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J. Vigh, E. Rozsa; Glycine Transporter 1 (GLYT1) Modulates GABA Release From Amacrine Cells via NMDA Receptors. Invest. Ophthalmol. Vis. Sci. 2010;51(13):1210.
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© ARVO (1962-2015); The Authors (2016-present)
NMDA receptors become active only after all of their glycine- and glutamate-binding sites have been occupied simultaneously. D-serine serves as co-agonist for the NMDA receptor’s glycine-binding site in some brain regions, whereas glycine is the more likely candidate in others. In the retina, ambient D-serine has been shown to mediate the NMDA-component of ON-OFF (Gustafson et al, 2007) and ON ganglion cell responses (Kalbaugh et al, 2009). Glycine transporter 1 (GLYT1) is highly abundant in the retina, and it is known to influence NMDA receptor function in the CNS via controling ambient extracellular glycine levels. The objective of the present study was to elucidate if glycine transporter 1 (GLYT1) can modulate NMDA receptor signalling in GABAergic amacrine cells (ACs).
Goldfishretinal slices were prepared at room temperature in daylight conditions. NMDA receptors on ACs were activated by short, focal NMDA-puffs or by endogenous glutamate released from a single, depolarized bipolar cell (BC) axon terminal. NMDA receptor function was monitored directly via recording NMDA receptor-mediated currents from voltage-clamped ACs, or indirectly, recording NMDA receptor activation-triggered GABAergic IPSCs from BCs. ALX 5407 or ALX 1393 (selective and potent inhibitors of GLYT1 and GLYT2, respectively) were bath applied in the presence of strychnine.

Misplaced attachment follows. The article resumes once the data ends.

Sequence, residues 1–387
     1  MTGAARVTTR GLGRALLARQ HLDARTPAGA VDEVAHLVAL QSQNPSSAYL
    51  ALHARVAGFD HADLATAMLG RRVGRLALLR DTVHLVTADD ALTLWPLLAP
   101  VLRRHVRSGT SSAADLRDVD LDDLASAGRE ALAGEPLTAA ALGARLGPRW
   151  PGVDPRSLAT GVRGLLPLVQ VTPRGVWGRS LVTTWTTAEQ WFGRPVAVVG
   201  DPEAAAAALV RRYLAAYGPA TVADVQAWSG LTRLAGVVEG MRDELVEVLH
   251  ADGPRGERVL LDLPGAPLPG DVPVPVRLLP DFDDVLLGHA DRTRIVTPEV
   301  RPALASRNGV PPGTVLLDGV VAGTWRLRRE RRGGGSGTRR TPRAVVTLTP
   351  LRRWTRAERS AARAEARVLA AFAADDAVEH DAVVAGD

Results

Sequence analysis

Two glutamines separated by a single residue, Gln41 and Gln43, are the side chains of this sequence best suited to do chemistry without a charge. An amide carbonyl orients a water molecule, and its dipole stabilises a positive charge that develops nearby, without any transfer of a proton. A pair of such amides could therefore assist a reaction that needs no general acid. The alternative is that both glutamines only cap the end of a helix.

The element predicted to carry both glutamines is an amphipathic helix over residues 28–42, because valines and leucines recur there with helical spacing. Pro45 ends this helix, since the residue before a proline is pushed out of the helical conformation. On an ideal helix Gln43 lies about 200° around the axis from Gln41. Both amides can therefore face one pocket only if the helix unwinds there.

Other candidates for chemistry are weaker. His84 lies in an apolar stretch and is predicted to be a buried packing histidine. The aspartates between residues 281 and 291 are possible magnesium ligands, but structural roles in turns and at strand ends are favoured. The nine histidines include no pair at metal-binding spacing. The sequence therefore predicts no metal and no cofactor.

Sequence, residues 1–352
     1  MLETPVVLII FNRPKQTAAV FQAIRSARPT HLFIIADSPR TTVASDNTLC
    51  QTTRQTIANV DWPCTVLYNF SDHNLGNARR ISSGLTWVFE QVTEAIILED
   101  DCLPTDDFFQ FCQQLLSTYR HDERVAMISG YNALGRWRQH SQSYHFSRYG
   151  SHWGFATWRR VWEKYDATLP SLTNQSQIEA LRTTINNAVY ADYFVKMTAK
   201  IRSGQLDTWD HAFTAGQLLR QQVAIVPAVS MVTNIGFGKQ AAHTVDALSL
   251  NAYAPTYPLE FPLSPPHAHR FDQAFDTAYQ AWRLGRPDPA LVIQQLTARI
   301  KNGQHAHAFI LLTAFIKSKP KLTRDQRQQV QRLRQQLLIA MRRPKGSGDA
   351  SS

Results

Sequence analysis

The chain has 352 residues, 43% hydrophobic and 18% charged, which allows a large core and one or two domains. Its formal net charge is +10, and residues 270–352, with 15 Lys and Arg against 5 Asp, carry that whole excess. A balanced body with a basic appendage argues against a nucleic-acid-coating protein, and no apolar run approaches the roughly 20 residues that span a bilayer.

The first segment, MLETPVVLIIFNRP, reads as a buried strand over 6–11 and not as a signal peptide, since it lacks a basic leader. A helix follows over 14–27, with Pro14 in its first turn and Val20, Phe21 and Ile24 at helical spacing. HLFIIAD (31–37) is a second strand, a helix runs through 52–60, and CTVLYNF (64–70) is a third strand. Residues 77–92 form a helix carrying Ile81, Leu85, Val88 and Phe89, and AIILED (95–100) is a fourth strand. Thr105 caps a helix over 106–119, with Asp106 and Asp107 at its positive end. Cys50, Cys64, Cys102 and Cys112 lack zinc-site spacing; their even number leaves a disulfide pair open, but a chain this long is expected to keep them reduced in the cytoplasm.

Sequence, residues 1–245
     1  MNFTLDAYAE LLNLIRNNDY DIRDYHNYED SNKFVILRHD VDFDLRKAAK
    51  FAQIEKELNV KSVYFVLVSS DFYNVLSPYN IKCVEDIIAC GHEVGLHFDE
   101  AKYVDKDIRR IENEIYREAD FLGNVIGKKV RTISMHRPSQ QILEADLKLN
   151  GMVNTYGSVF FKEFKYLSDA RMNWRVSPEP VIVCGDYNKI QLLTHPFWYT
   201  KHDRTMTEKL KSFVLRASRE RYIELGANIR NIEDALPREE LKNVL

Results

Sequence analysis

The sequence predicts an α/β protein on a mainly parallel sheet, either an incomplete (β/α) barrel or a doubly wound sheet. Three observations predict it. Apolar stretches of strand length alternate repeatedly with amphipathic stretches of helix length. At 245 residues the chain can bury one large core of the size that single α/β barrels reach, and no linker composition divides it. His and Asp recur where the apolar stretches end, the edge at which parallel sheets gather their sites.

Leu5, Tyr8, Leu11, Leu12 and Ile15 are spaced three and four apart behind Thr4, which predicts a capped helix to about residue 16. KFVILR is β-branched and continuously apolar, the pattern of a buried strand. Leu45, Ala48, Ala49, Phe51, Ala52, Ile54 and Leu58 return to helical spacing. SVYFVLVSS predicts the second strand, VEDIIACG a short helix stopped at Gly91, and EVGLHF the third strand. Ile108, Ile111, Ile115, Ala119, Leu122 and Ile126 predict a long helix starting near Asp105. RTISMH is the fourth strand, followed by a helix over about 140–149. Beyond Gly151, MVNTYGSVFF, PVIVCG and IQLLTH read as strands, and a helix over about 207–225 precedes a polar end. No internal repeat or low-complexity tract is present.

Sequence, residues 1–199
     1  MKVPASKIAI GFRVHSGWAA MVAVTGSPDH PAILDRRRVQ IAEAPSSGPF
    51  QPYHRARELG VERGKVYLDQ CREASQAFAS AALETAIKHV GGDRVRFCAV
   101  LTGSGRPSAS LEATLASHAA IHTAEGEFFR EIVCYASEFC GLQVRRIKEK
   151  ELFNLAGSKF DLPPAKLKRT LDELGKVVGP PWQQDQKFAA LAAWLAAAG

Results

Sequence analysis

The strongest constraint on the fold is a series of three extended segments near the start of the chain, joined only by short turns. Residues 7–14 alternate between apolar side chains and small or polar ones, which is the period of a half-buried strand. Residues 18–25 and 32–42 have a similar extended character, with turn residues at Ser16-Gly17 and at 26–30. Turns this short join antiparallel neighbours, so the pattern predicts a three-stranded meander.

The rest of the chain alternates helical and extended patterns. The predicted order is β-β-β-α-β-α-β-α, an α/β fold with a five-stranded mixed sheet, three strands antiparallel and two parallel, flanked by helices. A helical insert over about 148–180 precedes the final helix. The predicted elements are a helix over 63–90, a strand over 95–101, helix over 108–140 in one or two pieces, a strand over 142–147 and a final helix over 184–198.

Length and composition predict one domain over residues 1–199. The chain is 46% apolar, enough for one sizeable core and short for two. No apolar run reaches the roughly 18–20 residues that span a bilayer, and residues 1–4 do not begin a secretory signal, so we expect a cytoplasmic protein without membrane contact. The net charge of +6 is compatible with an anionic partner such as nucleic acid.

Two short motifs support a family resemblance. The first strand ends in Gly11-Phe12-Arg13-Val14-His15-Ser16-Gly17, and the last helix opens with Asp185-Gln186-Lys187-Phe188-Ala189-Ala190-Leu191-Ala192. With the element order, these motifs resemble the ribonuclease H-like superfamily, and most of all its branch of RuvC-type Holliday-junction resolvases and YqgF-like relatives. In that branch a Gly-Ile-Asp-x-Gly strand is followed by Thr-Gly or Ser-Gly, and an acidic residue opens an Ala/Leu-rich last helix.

Application of ALX 5407 increased the NMDA puff-evoked currents in ACs. The NMDA puff-evoked GABAergic IPSCs in BCs were also increased by ALX 5407. ALX 5407 but not ALX 1393 increased reciprocal, GABAergic feedback to BC terminals. Coincidentally, glycine puff-evoked glycine transporter-mediated currents in ACs were sensitive to ALX 5407, but not to ALX 1393.
In light-adapted retinal slice preparation, the glycine-binding sites of NMDA receptors located on GABAergic ACs are not saturated. GLYT1, presumably localized on glycinergic ACs, may control GABA release from GABAergic ACs by influencing the occupancy of the glycine-binding subunits of their NMDA receptors.
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